Millions Of Dollars In Payments To Accountant, 73, Provided Him ‘Powerful Incentive’ To Look The Other Way As Joseph Forte Pulled Off $75 Million Ponzi Scheme, SEC Says

Joseph S. Forte, one of the earliest of the so-called mini-Madoffs, was sentenced in November 2009 to 15 years in federal prison — slightly more than a year in jail for each year his 13-year scheme operated. The SEC now says he had help from an accountant who looked the other way because Forte, a failed computer salesman, became a cash cow when he reimagined himself as an investment strategist in 1995.

John N. Irwin, 73, of Villanova, Pa., presided over a consulting firm known as Jacklin Associates Inc. , the SEC said.

Both Irwin and the firm solicited business for Forte, and Irwin racked up more than $5 million in ill-gotten gains after performing no “due diligence” and relying “exclusively on Forte’s misrepresentations about Forte LP’s stellar performance,” the SEC said.

Forte had been running a Ponzi scheme between 1996 and 2008, according to the U.S. Postal Inspection Service. The scheme ultimately gathered more than $75 million, and Forte simply made up profitability numbers to hoodwink investors.

Just prior to the collapse of the scheme in late 2008, according to postal inspectors, Forte told investors his fund had a total value of more than $154 million, but the fund’s actual value was $150,000 — and Forte kept collecting money from customers.

In a settlement with the SEC, Irwin and Jacklin neither admitted nor denied the allegations. The financial aspects of the settlement, which requires judicial approval, will be determined later, the SEC said.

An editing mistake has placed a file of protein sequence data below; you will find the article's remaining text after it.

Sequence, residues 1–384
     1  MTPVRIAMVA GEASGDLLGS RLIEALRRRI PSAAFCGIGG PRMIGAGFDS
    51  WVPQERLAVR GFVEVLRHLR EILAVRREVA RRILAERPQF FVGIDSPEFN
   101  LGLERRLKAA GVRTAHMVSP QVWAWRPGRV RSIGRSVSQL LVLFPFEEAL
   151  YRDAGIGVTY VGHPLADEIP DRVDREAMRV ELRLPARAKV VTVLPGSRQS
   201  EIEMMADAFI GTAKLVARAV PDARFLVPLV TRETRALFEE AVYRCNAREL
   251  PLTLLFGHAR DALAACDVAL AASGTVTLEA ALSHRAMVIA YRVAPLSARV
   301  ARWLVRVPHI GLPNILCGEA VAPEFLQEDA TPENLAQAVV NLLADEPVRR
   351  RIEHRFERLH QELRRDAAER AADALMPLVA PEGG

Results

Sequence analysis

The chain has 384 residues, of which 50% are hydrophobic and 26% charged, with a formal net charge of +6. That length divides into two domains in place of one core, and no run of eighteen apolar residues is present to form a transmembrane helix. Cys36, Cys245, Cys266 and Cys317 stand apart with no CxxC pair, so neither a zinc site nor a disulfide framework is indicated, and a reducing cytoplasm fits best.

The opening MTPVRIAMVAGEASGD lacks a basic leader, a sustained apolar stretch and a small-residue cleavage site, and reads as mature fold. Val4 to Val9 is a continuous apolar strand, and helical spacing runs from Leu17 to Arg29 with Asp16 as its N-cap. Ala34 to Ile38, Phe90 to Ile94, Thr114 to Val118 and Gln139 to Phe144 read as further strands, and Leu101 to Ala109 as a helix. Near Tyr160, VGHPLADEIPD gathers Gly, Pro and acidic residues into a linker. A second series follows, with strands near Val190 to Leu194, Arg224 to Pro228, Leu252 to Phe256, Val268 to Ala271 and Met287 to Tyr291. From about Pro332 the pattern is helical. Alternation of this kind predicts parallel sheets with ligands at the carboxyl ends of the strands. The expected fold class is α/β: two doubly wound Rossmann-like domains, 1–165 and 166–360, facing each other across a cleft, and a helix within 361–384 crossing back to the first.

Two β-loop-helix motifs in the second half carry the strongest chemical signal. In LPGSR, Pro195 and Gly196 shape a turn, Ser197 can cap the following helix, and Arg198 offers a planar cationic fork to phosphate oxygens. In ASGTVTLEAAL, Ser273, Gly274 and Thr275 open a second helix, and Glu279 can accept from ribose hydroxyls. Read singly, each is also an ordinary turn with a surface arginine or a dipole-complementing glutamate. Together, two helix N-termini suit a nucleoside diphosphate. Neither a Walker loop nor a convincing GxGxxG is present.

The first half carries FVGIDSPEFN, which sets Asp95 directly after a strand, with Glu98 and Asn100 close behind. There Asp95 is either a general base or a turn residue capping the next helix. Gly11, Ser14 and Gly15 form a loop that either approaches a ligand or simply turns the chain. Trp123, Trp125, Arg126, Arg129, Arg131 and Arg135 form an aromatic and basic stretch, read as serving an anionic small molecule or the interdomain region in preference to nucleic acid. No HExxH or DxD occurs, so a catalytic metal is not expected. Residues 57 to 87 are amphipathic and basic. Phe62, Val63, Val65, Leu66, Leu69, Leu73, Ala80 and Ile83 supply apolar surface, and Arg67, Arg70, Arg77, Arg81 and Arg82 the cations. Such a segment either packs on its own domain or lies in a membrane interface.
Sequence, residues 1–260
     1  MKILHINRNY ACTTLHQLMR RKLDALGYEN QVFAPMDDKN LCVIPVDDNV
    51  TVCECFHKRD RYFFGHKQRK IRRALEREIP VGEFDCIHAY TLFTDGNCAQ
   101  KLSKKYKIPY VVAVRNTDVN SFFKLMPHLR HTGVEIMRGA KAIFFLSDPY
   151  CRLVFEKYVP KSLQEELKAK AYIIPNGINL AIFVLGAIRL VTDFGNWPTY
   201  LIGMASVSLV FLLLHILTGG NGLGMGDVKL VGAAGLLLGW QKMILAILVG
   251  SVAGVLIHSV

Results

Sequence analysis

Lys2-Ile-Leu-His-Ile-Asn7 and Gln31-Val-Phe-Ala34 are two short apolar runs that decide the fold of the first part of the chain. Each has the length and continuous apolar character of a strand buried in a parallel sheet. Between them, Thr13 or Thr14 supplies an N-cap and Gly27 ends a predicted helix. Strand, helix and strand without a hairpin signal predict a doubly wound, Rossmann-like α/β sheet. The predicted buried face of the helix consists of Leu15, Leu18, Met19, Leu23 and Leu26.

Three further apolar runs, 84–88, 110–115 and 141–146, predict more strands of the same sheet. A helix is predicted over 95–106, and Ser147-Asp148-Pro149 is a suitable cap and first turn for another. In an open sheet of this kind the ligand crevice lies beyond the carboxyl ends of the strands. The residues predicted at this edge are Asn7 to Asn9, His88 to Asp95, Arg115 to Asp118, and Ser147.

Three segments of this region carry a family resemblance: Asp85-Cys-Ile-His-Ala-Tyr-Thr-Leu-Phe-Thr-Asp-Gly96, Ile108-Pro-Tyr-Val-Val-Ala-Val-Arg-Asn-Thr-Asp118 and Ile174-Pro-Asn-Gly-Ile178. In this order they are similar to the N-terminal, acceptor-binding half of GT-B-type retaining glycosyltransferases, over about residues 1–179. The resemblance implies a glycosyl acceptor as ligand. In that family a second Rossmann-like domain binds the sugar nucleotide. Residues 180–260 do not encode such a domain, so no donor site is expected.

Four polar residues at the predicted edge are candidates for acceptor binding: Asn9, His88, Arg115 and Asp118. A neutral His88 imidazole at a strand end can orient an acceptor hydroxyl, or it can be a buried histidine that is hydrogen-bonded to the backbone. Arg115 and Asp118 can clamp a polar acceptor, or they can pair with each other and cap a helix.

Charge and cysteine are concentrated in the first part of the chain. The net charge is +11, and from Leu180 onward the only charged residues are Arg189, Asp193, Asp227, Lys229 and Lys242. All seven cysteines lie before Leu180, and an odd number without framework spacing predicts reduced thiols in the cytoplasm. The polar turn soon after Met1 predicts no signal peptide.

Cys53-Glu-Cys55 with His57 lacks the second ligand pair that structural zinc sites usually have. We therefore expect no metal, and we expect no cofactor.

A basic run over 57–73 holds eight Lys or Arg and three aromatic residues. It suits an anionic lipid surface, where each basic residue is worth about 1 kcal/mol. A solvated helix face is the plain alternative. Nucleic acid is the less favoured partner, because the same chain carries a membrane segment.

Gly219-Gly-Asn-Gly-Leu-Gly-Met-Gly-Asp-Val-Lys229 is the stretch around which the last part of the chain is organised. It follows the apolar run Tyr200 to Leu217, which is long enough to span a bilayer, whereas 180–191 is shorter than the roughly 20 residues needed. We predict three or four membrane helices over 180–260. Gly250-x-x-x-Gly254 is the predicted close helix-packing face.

Irwin has been suspended from appearing before the SEC as an accountant.

“In communicating the fraudulent information to investors, Irwin disregarded red flags that should have alerted him that the information that he was passing on was false,” the SEC said.

“Irwin had a powerful incentive to disregard those red flags,” the SEC charged, “because Forte paid him and Jacklin millions of dollars in the form of purported trading profits and fees.”

During the course of the Forte scheme Irwin was both an investor in Forte’s limited partnership and a provider of accounting services to Forte, the SEC said.

What red flags were missed?

“[F]or approximately four and a half years, between October 2002 and February 2007, Forte did not deposit any investor funds into the trading account of Forte LP, and from October 2004 through July 2007, Forte conducted minimal trading in the account,” the SEC charged.

“Rather, Forte diverted most of investor funds to meet redemption requests of other investors in Forte LP, to pay fees to himself and Jacklin, for personal use and the use of his family and friends, and to various third parties as donations or otherwise.”

Irwin also overlooked red flags pertaining to Forte’s treatment of tax matters, the SEC alleged.

“[F]rom 1995 through 2002, Forte provided Irwin with false investment account documents that purported to be 1099 forms from Forte LP’ s brokerage firm,” the SEC charged. “Each of the forms appeared on its face to have been altered or fabricated. In 2003, Forte stopped sending Irwin the 1099 forms as year-end support for the numbers he was reporting. However, despite Irwin’s considerable accounting experience, he failed to request the documents from the institutions themselves.”

Forte’s “exclusive control” over the firm’s brokerage and bank accounts and the “consistently large gains reported by Forte every year” also sent up red flags that Irwin ignored, the SEC charged.

Forte became a CPA in 1961, the same year President Obama was born.

“Given Irwin’s significant experience as an accountant, investor, and businessman, and his active role in Forte LP, he should have been skeptical of Forte’s reports of consistently large trading profits in the trading of futures over a period of thirteen years, and should have independently verified the same before communicating with investors,” the SEC charged.

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